Referring to FIG. 6, the comparison of pipe radius to wind speed reduction is illustrated. In this test, the radius of the pipe was varied, but pipe length remained constant. The effect of the pipeline on a storm was tested for a radius of up to two thousand meters. Results showed that a radius of five hundred (500) meters up to one thousand (1,000) meters significantly reduced wind speed. The change of the pipeline radius affects mass flow. Once the pipeline radius extends beyond one thousand meters, the mass flow rate allows the eye of the storm to expand, and the pressure differential inside the eye is not significantly affected. These results further show a highly effective single pipe embodiment would have approximately a seven hundred fifty meter radium for a pipe length of fifty kilometers. Of course, this massive pipe radius is required by the massive frictional losses over a 50 kilometer length. Shorter pipes will not suffer these losses and will not require such a large radius.
 Referring to FIG. 7, the effects of using multiple pipelines of smaller radius is illustrated. The test was performed with a number of small pipelines with an aggregate, cross sectional area remaining constant at one thousand meters. As shown, the smallest radius using multiple pipelines that continues to significantly decrease wind velocity requires 200 pipes each with a radius of approximately seventy meters. Notably though, the effects of friction on velocity of air through the pipeline increase as the number of pipelines increases.
 Referring to FIG. 8, the effect of varied pipe length on wind velocity reduction is illustrated. The pipeline model used in this test is a multiple pipeline model. The model used 100 pipes each having a radius of 120 meters. The pipeline was significantly effective at reducing wind velocity for lengths of 10 to 22 kilometers. Beyond 22 kilometers, increased length did not degrade the storm any further. It is important to note that this length supposes a smaller storm. It is expected that longer pipe length will be required for storms having larger eye walls.
 FIG. 9 illustrates a model of inserting a pipeline of the present invention into Hurricane Andrew. Hurricane Andrew occurred in 1992 in the area of southern Florida. This hurricane caused significant harm to the property and inhabitants of Florida. Hurricane Andrew achieved wind speeds of over 70 m/s. The model inserts a pipeline of the present invention having 100 pipes, each with a radius of 120 meters, and a length of 40 kilometers into the hurricane at day six. The pipeline was kept in the center of the storm for twelve hours preceding landfall. As shown in FIG. 9, this pipeline is predicted to reduce maximum wind speed from approximately 70 m/s to approximately 42 m/s. This result would have meant a 40% reduction of wind speed at landfall. Such a reduction in wind speed significantly reduces the amount of damage caused by the hurricane.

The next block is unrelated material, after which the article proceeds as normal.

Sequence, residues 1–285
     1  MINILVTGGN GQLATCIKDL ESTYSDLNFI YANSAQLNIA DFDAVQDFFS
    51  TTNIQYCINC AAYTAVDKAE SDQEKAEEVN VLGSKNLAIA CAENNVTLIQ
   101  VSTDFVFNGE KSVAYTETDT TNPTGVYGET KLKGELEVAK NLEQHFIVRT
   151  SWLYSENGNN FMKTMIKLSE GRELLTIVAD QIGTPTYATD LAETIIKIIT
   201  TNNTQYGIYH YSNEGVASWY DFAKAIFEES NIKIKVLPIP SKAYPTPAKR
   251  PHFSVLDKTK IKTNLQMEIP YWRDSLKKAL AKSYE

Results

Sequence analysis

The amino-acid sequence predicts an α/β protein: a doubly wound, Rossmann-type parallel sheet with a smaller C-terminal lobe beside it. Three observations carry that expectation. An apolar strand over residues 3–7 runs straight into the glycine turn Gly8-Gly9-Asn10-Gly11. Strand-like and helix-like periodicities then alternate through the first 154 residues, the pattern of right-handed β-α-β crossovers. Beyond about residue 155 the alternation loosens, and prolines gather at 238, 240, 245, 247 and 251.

FIG. 10 illustrates a model of inserting a pipeline of the present invention into Hurricane Hugo. Similar to the test run for Hurricane Andrew, the pipeline model used was 100 pipes, each with a radius of 120 meters, and a length of 40 kilometers into the hurricane at day six. The pipeline was kept in the center of the storm for twelve hours preceding landfall. This model shows the pipeline reducing wind speed from 68 m/s to 48 m/s. This result would have caused a 30% reduction of wind speed at landfall. Such a reduction in wind speed significantly reduces the amount of damage caused by the hurricane.
 Air Tank Embodiment
 Referring to FIG. 11 an embodiment of the present invention is illustrated. A compressed air tank 50 is used to change the pressure within the eye 32 of the hurricane. The compressed air tank 50 floats just below the water level 40. A release means, such as an opening 52 extends above the water level 40. The compressed air tank 50 is positioned with the release means 52 in the eye 32 of the hurricane. When the tank is properly positioned, the compressed air is released into the eye 32 of the hurricane.
 The air mixture contained in the compressed air tank 50 is further changed to vary how the air pressure in the eye 32 of the hurricane is increased. Pure oxygen(O2) or ozone (O3) can be used as the compressed air mixture. Both oxygen forms have a heavy molecular weight. The pressure differential decreases at a faster rate. Cooling and vapor generation further decrease, and the storm decays. Although the present invention has been described with respect to violent storms that have a low-pressure eye and a high-pressure body, it will be appreciated by those skilled in the art that the weather control apparatus will be equally as effective when used to neutralize an anticyclone. An anticyclone has a high-pressure eye and a low-pressure body, and circulates clockwise in the northern hemisphere and counterclockwise in the southern hemisphere. In addition, the pressure of ozone in the eye of the storm blocks ultra violet rays from providing further heating in the eye of the storm. The prevention of heating minimizes vapor formation within the eye, and further calms the storm.
 Referring to FIG. 12, a pre-positioned air tank embodiment is illustrated. In this embodiment, the compressed air tank 50 is held in a fixed position on the ocean floor. The release means 52 of the tank can be coupled with a pipeline 12. As previously described, the air tank 52 may contain air, pure oxygen, or ozone. The pipeline 12 is constructed to extend from the tank 50 above water level 40. When the pipeline 12 is properly positioned, the release means 52 is activated. High-pressure gas stored in the air tank 50 is released into the eye 32 of the storm.